Last September, after sixteen years of having a child at home, I watched my youngest trudge up the stairs of a big yellow school bus, his backpack filled with the accoutrements of all-day Kindergarten. I’d never cried when my other three children had gone to Kindergarten — they were ready, I was ready — but this time was different. Not only was my youngest son my baby (could he really be ready?) but his leaving represented a significant shift in my life as well. My kids were all in school. I’d entered the next phase.
Many of my closest friends are entering this next phase as well, and every single one of us has been faced with the question, “Now what?” It’s not that mothering is any less intense now that our children are older; the emotional demands, especially, are more taxing than ever before. At my house, the weekday hours between 3:30 p.m. and 10:30 p.m. can be absolutely bonkers, and I often fondly remember the days when all my children were tucked into bed by 8 o’clock. But the constant physical demands, the often minute-by-minute busyness that can engulf a whole day (so much so that all you can do once the kids are tucked into bed at 8 p.m. is retreat to your bed too) were in my rearview mirror. I had a little time to myself; a little quiet. And I knew what I wanted to do with it: work part time outside of the home for pay.
Looking around me, I see that most of the women I know who are in my phase (or past it) have chosen to work in some way, shape, or form while their children are out of the house. Some women choose to work outside the home in a volunteer fashion, throwing themselves into the PTA or investing hours each day teaching early morning seminary. Some intensify their efforts as homemakers–gardening, cooking, organizing their homes in ways that invite the spirit and allow the second half of their chaotic days to run more smoothly. Some focus on bettering themselves intellectually by going back to school, or physically by training for a marathon, or spiritually by delving into the scriptures–all with a level of intensity that wasn’t possible when the children were small and needed constant attention. And some choose not to put their children on the big yellow school bus at all, instead opting to home school. Finally, some of us choose to work for pay, out of necessity or desire or a mixture of the two, either part time or full. All of us will work during life’s second half; the questions is, what will that working look like?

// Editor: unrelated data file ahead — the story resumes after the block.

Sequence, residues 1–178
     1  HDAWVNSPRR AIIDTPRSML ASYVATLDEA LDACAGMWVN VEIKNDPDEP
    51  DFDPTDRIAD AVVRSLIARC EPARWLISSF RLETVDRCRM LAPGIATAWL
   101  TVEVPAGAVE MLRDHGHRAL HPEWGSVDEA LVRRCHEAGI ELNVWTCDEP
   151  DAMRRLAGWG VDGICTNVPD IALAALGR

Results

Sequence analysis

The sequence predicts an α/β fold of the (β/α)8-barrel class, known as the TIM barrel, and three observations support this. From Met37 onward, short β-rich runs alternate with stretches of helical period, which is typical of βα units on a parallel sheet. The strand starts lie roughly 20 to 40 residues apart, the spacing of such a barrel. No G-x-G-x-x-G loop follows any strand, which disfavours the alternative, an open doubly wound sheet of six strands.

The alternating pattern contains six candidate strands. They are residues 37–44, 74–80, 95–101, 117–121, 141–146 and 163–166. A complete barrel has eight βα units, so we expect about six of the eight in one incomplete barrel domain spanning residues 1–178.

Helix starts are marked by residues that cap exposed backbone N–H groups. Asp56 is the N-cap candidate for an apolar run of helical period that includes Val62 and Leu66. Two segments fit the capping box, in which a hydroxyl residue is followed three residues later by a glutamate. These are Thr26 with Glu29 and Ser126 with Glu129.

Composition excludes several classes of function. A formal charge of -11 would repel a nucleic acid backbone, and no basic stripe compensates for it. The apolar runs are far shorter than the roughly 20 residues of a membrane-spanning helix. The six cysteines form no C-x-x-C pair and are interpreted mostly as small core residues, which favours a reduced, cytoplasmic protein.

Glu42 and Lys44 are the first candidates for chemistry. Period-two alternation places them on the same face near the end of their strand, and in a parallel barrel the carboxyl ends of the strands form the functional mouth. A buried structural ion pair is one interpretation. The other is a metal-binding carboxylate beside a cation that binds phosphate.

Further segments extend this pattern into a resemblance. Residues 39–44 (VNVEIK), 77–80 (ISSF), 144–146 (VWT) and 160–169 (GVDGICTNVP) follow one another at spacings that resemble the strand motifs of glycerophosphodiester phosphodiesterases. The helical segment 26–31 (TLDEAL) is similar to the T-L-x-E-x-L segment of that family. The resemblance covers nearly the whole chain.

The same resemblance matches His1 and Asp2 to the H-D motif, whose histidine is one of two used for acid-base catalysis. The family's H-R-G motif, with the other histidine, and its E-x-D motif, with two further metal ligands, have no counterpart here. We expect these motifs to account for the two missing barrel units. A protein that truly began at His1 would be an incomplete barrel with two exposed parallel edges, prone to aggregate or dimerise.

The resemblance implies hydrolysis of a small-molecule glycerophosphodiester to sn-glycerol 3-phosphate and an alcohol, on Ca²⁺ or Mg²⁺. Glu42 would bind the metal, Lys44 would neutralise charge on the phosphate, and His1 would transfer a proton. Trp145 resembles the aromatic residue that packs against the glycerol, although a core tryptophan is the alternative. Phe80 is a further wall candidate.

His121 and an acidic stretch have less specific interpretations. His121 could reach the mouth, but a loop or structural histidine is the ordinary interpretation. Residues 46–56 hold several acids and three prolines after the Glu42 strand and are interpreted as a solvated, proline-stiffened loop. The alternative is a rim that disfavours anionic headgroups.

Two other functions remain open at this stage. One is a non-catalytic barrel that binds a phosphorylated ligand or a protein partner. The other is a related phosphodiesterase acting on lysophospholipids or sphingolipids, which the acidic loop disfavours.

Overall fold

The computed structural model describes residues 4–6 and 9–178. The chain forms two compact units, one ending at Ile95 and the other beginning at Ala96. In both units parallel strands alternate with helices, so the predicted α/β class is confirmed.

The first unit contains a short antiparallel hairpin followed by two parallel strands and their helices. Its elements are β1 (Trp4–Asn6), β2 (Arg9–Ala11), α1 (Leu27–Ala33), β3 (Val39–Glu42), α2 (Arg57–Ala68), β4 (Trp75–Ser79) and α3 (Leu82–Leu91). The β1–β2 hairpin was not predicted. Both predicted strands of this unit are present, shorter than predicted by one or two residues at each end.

That question — the big “Now what?” — is fraught. It’s difficult. And many women in my phase of life are quite thrown by it, myself included. The truth is, we get a lot more guidance regarding what we should do with our twenties and thirties than what we should do with our forties and beyond (from both the Church and the world at large), and while this opportunity to choose more freely can be a wonderful thing, choices can be terrifying too. Many of us also prepared ourselves for the choices of early adulthood (will I go to college? marry? have kids? stay home when they’re young?), making decisions as far back as middle school that helped set us on the path to make those choices more easily. But women in their forties often find themselves a little stranded, either by life circumstances (the necessity of working when one wishes to stay home; the desire to work outside the home but no college degree or work experience to help ease one’s way back into the workforce) or simply by fear (what if I make the wrong choice? what will people think of me if I choose xyz? what if I fail?).
If there’s one thing I’ve learned while navigating this phase of life, and watching others navigate it too, it’s that we need to prepare to choose what to do with the second half of our lives. Could life circumstances get in the way and make it difficult, or almost impossible, to live out our choices in the way we imagined? Of course. But the same thing was true of our early adulthood as well: we were encouraged to plan to go to college, or get married, or start a career, or have children, even when those outcomes weren’t assured. We need to do the same with the second half of our lives as well.